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Russian Army Chief Accuses West of Corroding Arms Control


Russia's top general has accused the West of turning the arms control system into a political tool, warning that a launch of a U.S. interceptor missile in Europe could trigger a Russian ballistic missile strike.

Army Chief of Staff Yuri Baluyevsky Saturday sharply criticized U.S. plans to build an anti-missile shield in Eastern Europe. He also accused NATO of boosting its military potential in the Baltic countries.

Baluyevsky told a news conference in Moscow that Russia's moratorium on the Conventional Armed Forces in Europe Treaty enables him to move Russian military forces as necessary within the country. But he added that Russia has no plans of massing troops along its borders.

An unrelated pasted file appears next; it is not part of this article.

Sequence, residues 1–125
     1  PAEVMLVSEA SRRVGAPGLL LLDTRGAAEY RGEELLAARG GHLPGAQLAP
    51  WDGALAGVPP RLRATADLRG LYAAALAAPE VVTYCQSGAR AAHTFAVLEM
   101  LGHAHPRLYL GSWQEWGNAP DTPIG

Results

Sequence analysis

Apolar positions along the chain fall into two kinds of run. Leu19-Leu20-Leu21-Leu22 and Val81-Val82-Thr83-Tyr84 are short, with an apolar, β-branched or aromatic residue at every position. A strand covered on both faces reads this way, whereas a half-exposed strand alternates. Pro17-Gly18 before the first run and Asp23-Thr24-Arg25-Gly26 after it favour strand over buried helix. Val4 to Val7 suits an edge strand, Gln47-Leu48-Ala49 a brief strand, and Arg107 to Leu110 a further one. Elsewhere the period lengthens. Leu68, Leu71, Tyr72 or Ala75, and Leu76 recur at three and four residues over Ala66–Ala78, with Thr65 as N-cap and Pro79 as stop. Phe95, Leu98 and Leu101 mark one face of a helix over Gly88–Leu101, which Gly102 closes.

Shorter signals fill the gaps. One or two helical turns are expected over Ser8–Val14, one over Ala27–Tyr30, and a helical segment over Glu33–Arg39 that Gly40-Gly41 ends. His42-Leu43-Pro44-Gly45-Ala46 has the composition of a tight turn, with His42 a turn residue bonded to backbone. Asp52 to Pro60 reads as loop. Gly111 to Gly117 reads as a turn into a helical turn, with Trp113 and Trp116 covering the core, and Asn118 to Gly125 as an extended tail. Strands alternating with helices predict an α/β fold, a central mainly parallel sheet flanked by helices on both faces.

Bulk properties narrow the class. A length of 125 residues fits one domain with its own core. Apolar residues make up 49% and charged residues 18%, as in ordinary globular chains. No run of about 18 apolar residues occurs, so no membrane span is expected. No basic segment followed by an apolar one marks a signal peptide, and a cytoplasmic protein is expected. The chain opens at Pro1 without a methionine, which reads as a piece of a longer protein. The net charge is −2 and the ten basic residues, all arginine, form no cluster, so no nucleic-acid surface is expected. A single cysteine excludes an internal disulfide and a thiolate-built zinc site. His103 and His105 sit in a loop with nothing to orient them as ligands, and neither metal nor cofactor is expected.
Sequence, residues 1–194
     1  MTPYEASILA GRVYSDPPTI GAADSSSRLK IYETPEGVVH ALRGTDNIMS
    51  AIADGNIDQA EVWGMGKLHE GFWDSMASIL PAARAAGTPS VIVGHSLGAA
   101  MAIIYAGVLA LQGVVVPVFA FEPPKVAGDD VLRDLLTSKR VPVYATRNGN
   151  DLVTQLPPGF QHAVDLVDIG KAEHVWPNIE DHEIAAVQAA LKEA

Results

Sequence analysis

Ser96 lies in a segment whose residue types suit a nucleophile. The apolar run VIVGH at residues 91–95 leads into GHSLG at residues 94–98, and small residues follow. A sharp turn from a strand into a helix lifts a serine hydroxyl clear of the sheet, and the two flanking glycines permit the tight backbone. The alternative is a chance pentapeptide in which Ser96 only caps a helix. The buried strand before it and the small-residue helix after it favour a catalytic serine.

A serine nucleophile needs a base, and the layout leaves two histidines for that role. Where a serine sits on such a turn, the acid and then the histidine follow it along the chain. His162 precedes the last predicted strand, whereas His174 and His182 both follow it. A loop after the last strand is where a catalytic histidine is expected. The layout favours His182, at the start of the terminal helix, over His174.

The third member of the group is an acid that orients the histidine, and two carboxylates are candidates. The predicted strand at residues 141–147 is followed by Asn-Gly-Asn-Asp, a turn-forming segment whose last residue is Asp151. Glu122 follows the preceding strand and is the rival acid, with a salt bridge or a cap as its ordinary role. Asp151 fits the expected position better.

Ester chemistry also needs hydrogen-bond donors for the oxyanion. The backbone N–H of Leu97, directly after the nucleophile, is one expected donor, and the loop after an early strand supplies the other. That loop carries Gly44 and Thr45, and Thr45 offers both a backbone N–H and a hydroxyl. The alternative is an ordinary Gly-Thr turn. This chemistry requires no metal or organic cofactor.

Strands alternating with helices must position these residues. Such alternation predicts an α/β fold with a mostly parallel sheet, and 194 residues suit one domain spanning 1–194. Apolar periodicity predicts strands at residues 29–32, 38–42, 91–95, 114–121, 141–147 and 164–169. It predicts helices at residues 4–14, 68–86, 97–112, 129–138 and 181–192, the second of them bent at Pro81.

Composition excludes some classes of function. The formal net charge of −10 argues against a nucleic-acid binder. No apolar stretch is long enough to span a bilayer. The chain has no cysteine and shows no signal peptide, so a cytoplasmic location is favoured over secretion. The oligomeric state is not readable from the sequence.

The U.S. says the proposed missile shield in Europe is designed to protect NATO countries from possible attacks by Iran.

Belarusian President Alexander Lukashenko on Friday expressed his support for Moscow. He held two days of talks with President Vladimir Putin in Minsk.

Mr. Putin earlier said Russia could counter U.S. plans to deploy its missile defense system in Poland and the Czech Republic by deploying missiles in Belarus. The former Soviet Republic is located between Russia and Poland.

The Soviet Union and NATO signed the treaty limiting conventional weapons deployment in 1990. It was updated in 1999 after the collapse of the Soviet Union.

Russia ratified the renewed document in 2004, but NATO has refused to ratify it until Russia fulfills its commitment to withdraw forces from former Soviet bases in Georgia and Moldova.

Moscow calls those deployments peacekeeping missions and refuses to withdraw its troops.

Some information for this report was provided by AFP and Reuters.

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